Editor: St. Augustine's is a parish which has the Immemorial Mass of All Ages in South Saint Paul. Father Echert has long been a priest friendly to tradition of impeccable reputation and great learning, having graduated from the infamous, but very challenging, Biblicum in Rome. He's also a Chaplain in the Air Force where he's served on a number of occasions, ministering to military personnel. What's being gotten at is that he's a very credible and serious man. The following was received by talibanshayne this morning:
Above is a photo taken by Fr. Echert, pastor of Saint Augustine in South St. Paul, MN, of a consecrated host.
The host had been accidentally dropped on the ground last week during the distribution of Holy Communion at a daily Mass.
It was subsequently placed in water to dissolve so that it could be poured down the sacrarium.
Fr. Grabner, the parochial vicar, went to check on the host a few days later, on the Feast of Corpus Christi, and found that not only had it not dissolved, but that it had turned red.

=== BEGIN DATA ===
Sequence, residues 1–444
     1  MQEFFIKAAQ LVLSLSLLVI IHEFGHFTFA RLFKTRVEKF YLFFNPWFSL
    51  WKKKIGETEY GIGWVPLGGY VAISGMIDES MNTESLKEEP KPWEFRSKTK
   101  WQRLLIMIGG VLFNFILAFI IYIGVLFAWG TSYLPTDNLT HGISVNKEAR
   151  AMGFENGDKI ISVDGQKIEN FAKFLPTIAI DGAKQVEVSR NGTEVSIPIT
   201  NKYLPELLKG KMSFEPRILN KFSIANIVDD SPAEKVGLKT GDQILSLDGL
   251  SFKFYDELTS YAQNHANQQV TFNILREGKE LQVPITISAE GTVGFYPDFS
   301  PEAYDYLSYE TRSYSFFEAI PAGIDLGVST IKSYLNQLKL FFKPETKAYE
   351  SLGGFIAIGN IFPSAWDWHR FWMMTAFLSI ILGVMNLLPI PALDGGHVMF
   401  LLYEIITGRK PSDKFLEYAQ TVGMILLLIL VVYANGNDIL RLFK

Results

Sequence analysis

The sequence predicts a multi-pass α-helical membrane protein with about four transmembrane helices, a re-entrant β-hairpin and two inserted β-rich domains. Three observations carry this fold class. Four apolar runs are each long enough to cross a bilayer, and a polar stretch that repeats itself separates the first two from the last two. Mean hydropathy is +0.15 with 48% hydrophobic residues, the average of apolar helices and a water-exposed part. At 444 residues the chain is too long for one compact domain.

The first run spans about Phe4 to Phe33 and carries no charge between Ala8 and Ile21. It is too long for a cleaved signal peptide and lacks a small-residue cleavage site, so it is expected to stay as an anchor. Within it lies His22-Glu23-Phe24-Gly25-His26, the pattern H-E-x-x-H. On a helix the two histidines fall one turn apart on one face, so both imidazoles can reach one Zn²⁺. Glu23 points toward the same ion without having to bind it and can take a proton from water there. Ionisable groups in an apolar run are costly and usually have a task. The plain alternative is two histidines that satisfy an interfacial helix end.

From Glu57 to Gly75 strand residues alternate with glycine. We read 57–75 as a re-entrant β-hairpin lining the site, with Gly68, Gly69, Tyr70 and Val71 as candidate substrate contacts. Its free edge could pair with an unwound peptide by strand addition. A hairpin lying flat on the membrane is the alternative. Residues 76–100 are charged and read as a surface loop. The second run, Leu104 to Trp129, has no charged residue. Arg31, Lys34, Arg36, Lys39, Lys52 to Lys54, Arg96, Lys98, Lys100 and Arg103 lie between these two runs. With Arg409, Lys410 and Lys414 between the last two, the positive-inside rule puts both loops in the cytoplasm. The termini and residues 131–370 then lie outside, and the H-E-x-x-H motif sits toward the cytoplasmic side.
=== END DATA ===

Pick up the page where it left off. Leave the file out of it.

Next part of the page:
Is there a natural explanation? You decide.
The Chancery has been notified.
One proposed explanation is Serratia Marcescens. Here's a citation from Wikipedia:
Because of its red pigmentation, caused by expression of the pigment prodigiosin, and its ability to grow on bread, S. marcescens has been evoked as a naturalistic explanation of medieval accounts of the "miraculous" appearance of blood on the Eucharist that led to Pope Urban IV instituting the Feast of Corpus Christi in 1264. This followed celebration of a mass at Bolsena in 1263, led by a Bohemian priest who had doubts concerning transubstantiation, or the turning of bread and wine into the Body and Blood of Christ during the Mass. During the Mass, the Eucharist appeared to bleed and each time the priest wiped away the blood, more would appear. While it is possible that Serratia could generate a single appearance of red pigment, it is unclear how it could have generated more pigment after each wiping, leaving this proposed explanation open to doubt. This event is celebrated in a fresco in the Apostolic Palace in the Vatican City, painted by Raphael.